Problematic women: psychology, gender, and health in North America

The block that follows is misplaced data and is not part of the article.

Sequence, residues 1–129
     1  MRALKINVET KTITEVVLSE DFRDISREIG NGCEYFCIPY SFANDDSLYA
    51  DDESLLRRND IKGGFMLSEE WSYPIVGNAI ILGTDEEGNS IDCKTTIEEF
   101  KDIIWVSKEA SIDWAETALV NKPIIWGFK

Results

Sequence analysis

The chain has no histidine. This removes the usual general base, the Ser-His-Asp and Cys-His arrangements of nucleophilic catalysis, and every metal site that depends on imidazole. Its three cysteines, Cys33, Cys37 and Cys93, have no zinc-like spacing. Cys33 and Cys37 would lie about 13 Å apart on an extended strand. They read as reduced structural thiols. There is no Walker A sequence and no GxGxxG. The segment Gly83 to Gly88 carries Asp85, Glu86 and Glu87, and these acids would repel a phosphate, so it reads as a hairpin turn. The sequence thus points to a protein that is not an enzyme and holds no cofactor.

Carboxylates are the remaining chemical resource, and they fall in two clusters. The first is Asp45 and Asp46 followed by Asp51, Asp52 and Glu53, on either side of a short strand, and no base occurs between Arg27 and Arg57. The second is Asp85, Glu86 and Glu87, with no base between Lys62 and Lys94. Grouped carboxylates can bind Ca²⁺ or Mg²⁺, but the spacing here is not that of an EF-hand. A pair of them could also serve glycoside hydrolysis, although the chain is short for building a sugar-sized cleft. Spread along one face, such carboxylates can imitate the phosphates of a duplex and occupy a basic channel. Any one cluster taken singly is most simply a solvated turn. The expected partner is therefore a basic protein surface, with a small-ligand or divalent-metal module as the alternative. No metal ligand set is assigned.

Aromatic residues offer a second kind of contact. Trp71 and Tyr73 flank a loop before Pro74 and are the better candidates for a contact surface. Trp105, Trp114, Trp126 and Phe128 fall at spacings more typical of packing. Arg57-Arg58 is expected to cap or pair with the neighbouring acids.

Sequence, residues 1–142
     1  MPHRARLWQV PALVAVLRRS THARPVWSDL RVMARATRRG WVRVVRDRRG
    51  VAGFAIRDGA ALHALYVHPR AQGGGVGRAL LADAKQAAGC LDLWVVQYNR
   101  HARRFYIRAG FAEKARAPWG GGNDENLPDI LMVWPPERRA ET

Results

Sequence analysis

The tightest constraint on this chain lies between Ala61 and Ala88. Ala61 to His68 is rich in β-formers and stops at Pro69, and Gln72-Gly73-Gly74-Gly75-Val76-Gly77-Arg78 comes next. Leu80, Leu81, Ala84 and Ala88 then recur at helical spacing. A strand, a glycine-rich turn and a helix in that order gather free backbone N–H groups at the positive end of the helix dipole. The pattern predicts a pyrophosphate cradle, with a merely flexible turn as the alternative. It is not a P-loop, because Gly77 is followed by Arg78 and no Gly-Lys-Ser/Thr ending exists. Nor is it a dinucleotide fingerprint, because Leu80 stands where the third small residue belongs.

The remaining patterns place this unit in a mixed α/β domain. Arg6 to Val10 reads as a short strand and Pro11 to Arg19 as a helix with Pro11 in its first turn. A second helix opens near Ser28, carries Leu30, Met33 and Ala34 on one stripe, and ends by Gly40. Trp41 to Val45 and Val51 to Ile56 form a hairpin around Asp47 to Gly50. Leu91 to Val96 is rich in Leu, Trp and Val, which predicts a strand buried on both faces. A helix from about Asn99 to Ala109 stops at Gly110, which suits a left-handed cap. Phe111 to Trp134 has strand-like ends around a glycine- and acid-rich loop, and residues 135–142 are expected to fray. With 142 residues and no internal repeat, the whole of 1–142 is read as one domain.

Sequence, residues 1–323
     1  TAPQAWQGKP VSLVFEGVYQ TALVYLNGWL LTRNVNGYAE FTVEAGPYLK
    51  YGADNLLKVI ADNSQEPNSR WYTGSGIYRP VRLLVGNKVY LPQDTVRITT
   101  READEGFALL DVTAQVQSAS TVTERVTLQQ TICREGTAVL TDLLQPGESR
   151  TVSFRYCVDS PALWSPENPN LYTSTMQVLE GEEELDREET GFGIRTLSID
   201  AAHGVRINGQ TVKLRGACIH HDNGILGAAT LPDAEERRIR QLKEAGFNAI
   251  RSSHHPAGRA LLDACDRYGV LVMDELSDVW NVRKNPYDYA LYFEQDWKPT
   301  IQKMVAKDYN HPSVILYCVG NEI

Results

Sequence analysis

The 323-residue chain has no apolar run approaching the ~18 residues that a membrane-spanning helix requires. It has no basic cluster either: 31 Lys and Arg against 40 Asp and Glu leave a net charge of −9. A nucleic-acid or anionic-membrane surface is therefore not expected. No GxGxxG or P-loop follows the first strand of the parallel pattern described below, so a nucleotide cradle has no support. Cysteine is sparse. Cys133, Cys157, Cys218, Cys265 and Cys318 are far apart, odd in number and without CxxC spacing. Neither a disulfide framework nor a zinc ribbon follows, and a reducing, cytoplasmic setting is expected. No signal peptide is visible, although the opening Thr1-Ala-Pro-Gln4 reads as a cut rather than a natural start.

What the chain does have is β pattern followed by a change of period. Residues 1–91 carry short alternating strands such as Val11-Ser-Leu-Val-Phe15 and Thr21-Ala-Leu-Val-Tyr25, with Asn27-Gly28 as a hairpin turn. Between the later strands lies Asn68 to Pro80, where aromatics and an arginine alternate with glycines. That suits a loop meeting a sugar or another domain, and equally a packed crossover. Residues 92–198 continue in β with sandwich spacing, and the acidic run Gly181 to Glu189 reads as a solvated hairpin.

Taking its cue from the medical field, psychology has long been curious about the relationship between biological sex and illness just as societies have long been interested in regulating women’s bodies. From 19th Century gender differences scholarship through 20th century activism this article introduces the gendered history of psychology and health. Offering a general overview of the past and more recent feminist present within a North American framework. Taking as its base foundation the intellectual shifts away from an exclusively individualistic lens towards one that now emphasizes systems and society; referred to as the difference between a “women-as-problem” and a “women-in-context” approach. Topics addressed include early gender differences scholarship, mental health costs and gendered violence; dual impact of the paradigms of masculinity, perversity in medicating and treating a woman’s psychological condition which result from living in a patriarchal societies; constructs of female sexual dysfunction, and more. We encourage South American scholars to take up the call to more thoroughly explore and expand on the histories of gendered health and psychology within regional and historical time sensitive contexts.
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